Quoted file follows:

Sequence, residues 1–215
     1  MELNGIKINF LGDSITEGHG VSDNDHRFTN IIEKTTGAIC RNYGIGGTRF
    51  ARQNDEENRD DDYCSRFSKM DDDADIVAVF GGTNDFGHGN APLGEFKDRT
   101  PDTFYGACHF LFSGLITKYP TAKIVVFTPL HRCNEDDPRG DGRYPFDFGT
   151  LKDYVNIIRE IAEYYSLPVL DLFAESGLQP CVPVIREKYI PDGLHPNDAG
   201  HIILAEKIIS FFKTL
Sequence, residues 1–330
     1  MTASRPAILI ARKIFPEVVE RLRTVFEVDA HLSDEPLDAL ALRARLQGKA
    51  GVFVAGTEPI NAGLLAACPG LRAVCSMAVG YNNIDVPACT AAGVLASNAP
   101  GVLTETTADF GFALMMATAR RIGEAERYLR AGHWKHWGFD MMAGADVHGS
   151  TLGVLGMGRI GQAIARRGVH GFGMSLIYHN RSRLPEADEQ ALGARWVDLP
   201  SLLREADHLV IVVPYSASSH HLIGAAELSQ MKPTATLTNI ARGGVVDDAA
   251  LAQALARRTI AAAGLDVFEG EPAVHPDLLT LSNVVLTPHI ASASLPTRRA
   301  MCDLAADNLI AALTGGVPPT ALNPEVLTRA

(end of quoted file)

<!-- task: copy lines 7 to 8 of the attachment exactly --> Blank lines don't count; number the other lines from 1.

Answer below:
Sequence, residues 1–330
     1  MTASRPAILI ARKIFPEVVE RLRTVFEVDA HLSDEPLDAL ALRARLQGKA